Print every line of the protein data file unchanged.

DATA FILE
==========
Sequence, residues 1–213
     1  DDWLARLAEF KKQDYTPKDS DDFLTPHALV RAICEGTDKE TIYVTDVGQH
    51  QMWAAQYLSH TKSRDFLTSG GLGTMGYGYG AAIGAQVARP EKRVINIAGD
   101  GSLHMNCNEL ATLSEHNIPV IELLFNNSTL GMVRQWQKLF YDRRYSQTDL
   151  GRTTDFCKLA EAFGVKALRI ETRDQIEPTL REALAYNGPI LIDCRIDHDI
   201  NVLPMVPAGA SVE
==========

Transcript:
Sequence, residues 1–213
     1  DDWLARLAEF KKQDYTPKDS DDFLTPHALV RAICEGTDKE TIYVTDVGQH
    51  QMWAAQYLSH TKSRDFLTSG GLGTMGYGYG AAIGAQVARP EKRVINIAGD
   101  GSLHMNCNEL ATLSEHNIPV IELLFNNSTL GMVRQWQKLF YDRRYSQTDL
   151  GRTTDFCKLA EAFGVKALRI ETRDQIEPTL REALAYNGPI LIDCRIDHDI
   201  NVLPMVPAGA SVE